Precipitation at the start of this Water Year has been disappointing. The Northern Sierra 8 Station Precipitation Index stands at 4.9 inches for October through November (see Northern Sierra 8 Station Precipitation chart). This is about one-third less than last year’s level at the same time period. Even if precipitation eventually catches up with last year’s levels, precipitation for this Water Year would still be 30% below the historical average.

Precipitation chart 12-2015_FINAL


Predictions for 2016 

For the JOW model, the only unknown factor (in addition to the underlying variability in the model’s predictions) is what, in fact, will be the cumulative precipitation for October through April. The projections assume that expected precipitation will be 70% of the historical average with a variability in conditions reflecting the variability of actual precipitation found in the historical record.

Models, of course, have underlying variability in their predictions. See the Probability Distribution of Forecasted SWP Final Allocations chart for 2016. The expected SWP Final Allocation for 2016 is 13%. The probability of a zero allocation is 24%. The median prediction is 11%. There is about a 50% chance that the final allocation will be below the current 10% allocation. On the flip side, there is about a 50% chance that the final allocation will be above the current 10% allocation.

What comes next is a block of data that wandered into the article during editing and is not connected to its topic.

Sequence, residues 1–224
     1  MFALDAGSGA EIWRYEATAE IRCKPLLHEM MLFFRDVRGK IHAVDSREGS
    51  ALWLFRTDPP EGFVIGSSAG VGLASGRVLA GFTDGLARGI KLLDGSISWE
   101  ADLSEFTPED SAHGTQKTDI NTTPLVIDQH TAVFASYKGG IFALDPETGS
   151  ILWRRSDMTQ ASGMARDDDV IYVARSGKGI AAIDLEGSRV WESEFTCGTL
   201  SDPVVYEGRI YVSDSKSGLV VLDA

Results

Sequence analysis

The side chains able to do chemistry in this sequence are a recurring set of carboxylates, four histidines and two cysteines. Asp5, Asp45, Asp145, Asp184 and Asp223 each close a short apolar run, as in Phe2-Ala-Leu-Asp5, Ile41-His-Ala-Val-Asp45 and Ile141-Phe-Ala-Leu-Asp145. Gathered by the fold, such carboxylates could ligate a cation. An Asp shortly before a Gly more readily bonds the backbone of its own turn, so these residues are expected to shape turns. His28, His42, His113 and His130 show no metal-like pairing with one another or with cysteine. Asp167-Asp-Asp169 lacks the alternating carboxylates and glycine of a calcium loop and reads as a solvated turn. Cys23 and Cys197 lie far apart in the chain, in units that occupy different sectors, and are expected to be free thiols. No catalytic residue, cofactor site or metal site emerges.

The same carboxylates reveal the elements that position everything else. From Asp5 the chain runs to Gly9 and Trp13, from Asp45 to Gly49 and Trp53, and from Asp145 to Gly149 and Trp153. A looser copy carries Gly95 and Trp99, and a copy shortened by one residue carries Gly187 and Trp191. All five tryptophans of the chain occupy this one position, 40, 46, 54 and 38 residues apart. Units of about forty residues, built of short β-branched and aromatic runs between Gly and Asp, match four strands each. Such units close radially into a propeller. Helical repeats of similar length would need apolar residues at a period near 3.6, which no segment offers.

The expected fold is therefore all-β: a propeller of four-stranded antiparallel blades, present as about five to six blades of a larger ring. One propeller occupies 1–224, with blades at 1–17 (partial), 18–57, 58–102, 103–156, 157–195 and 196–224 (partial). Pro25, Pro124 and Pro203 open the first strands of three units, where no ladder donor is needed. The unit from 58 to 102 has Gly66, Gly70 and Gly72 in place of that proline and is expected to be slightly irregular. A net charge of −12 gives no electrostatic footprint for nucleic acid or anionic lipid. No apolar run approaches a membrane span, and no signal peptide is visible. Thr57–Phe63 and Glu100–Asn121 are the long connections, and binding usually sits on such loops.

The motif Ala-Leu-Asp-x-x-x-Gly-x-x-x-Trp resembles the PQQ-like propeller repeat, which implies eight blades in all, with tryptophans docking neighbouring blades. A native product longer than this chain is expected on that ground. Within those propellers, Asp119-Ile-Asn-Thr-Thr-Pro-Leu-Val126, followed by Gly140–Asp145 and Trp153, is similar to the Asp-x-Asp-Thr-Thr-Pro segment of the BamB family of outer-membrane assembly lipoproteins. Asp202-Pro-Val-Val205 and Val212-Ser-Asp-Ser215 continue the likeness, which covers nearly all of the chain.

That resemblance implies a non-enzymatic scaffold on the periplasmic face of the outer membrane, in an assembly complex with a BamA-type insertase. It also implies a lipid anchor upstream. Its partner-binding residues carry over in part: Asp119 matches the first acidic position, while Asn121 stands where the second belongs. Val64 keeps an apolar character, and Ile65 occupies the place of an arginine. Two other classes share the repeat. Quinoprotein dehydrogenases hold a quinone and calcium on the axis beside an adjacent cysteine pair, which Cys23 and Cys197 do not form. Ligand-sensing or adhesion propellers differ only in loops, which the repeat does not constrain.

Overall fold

Probability chart 12-2015_FINAL


Final Thoughts 

There are two wild cards to keep one’s eye on as we wait for the Department of Water Resources determination of the Final SWP Allocation for 2016.

First, there is the fickleness of Mother Nature. What will the precipitation be in the coming months?

Second, there are man-made actions. What will be the impact of environmental constraints on project operations?  Does the model’s trend decline of 3 percentage points per year for the Final SWP Allocation capture reduced allocations from regulatory constraints?

In the end, there is much uncertainty surrounding the outcome. JOW will update the predictions monthly for actual precipitation in January through April.


Written by Rodney T. Smith, Ph.D.